Buenos Aires Times

argentina KEY STORIES FROM THE LAST SEVEN DAYS

March 12 - 18: What we learned this week

From the controversy with inflation to the link between football and Lázaro Báez.

Saturday 17 March, 2018
Cristobal Lopez walks out of Ezeiza Prison in Buenos Aires
Cristobal Lopez walks out of Ezeiza Prison in Buenos Aires Foto:Marcelo Aballay, Perfil

INFLATION DATA LOOKS OMINOUS

The shortest month of the year resulted in one of the highest inflation rates in a long while – the INDEC statistics bureau posted 2.4 percent for February (the highest since the first quarter of 2017 except December’s 3.1 percent). Experts attributed the surge to updating public service charges (virtually frozen for over a decade under previous Kirchnerite administrations) and a volatile dollar. But the most basic ítem of “food and beverages” weighed in at 2.2 percent while core inflation (which excludes regulated prices and seasonal factors) was the highest in 10 months at 2.1 percent, thus increasing doubts as to whether the official 2018 target of 15 percent can be met with inflation already heading for 11 percent by midyear at this rate. Household gas bills are due to rise by 40 percent next month as part of the updating process while taxi fare increases of 17.7 percent have just been announced. With summer not yet over any 2018 inflation forecasts below 20 percent are already few and far between but the government is still shooting for a wage increase cap of 15 percent in collective bargaining.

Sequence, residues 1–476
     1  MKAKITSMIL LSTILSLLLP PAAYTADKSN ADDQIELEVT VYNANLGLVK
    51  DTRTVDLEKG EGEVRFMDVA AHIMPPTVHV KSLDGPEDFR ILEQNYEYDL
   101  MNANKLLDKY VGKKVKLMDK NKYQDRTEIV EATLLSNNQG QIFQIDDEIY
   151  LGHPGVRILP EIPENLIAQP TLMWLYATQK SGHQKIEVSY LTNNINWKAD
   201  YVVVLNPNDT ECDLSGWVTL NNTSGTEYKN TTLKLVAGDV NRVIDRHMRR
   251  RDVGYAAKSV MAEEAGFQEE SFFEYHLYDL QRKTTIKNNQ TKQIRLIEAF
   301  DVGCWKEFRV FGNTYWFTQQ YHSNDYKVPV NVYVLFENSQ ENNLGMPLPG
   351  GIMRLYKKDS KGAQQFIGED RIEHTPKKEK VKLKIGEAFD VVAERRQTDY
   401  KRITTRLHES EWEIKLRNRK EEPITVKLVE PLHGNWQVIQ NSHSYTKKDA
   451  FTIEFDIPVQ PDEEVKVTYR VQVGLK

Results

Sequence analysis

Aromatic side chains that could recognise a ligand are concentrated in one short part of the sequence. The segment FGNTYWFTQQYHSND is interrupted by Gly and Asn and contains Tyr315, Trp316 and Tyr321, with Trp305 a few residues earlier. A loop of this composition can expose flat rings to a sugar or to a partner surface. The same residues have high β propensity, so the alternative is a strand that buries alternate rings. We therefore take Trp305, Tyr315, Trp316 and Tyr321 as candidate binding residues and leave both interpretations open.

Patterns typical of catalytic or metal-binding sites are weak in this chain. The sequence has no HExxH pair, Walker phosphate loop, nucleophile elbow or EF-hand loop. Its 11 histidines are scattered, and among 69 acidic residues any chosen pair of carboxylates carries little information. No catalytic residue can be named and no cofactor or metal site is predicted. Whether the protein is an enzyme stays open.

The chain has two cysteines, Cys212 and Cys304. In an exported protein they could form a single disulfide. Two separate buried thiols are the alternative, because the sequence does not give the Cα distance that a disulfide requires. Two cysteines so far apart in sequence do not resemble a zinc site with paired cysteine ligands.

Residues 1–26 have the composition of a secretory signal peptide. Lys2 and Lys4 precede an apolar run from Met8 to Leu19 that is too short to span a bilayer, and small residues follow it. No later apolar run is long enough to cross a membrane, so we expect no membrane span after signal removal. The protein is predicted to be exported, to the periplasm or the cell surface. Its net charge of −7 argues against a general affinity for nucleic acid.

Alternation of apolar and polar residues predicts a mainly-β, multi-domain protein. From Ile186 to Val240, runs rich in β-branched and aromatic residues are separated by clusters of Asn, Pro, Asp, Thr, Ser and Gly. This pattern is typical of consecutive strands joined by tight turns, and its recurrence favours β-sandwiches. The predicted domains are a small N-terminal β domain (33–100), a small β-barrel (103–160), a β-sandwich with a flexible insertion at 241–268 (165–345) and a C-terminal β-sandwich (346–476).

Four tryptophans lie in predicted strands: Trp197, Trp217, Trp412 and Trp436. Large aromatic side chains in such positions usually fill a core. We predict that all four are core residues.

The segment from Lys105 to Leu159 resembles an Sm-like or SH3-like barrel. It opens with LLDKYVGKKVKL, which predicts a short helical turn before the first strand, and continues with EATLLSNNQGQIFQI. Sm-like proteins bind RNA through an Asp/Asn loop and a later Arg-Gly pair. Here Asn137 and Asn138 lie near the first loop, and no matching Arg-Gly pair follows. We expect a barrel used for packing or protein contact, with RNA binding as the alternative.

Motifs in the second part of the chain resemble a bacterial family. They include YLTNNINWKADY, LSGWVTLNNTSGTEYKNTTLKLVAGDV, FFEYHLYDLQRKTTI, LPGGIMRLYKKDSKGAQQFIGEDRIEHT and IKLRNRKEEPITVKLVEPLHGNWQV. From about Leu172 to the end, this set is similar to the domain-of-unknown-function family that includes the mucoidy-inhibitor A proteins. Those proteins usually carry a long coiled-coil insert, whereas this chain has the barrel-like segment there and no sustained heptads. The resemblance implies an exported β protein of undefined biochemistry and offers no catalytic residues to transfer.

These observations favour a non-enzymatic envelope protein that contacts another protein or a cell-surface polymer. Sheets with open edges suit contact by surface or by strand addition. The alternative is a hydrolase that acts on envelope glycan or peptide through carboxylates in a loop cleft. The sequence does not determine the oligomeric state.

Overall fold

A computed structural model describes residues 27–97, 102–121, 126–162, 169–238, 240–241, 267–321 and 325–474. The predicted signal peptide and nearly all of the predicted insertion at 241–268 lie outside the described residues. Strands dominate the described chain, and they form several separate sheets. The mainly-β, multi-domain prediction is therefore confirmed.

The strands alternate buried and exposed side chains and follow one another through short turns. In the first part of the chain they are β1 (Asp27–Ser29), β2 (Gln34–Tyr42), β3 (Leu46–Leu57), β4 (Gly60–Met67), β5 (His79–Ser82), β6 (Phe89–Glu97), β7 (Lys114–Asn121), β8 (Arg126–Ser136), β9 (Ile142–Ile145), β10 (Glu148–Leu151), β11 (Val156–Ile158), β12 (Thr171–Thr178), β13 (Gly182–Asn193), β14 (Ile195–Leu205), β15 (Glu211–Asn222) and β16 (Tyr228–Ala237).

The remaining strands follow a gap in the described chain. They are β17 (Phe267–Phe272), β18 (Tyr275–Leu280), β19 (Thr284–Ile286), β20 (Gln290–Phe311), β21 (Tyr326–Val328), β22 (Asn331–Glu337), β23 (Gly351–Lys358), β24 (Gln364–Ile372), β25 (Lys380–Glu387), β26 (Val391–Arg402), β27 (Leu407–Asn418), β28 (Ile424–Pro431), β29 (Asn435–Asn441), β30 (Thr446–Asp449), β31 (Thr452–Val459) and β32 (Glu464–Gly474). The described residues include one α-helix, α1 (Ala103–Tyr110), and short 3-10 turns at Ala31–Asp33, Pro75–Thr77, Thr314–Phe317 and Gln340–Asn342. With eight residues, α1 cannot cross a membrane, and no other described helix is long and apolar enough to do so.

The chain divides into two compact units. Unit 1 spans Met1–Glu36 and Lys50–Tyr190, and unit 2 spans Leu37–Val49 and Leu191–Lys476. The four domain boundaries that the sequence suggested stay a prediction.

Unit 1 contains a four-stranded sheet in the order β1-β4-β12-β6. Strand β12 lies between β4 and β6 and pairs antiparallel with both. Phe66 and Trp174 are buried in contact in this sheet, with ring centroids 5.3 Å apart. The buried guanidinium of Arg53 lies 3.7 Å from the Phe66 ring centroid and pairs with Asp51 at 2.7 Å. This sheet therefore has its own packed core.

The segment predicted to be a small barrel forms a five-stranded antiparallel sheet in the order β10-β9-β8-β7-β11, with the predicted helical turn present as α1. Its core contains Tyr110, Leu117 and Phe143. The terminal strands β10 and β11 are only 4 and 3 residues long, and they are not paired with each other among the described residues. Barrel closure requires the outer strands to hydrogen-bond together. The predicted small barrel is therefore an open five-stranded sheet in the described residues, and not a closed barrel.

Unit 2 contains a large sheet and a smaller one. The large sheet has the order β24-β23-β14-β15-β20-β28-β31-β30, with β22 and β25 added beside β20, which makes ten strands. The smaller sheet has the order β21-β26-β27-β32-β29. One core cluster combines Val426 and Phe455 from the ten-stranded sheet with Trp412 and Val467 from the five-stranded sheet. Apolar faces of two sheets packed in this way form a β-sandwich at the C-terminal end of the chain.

TEACHERS UNIONS READY FOR MEET

Teachers unions will sit down with María Eugenia Vidal’s government in Buenos Aires province next week to discuss wage increases for teachers in Buenos Aires province, where a stand-off has already slashed several days from the 2018 school calendar. Members of the Teachers Union Front (FUD) — which groups together several teachers unions — will sit down with officials on Wednesday.

ANTARTIC ASSISTANCE

A group of US scientists who were stranded in an ice-bound island off the northeastern tip of the Antarctic Peninsula were rescued last Sunday by an Argentine icebreaker. The four scientists and a support staff member, who were conducting research at Joinville Island, were airlifted by helicopter to the Almirante Irizar icebreaker.

SLAP ON THE WRIST FOR ETCHEVEHERE

The Anti-Corruption Office headed by Laura Alonso concluded on Tuesday that Agriculture Minister Luis Miguel Etchevehere’s 500,000-peso bonus from the Rural Society he previously headed (subsequently returned after falling under media criticism) was not in accordance with public ethics, issuing him with a warning.

PEÑA BACKS CAPUTO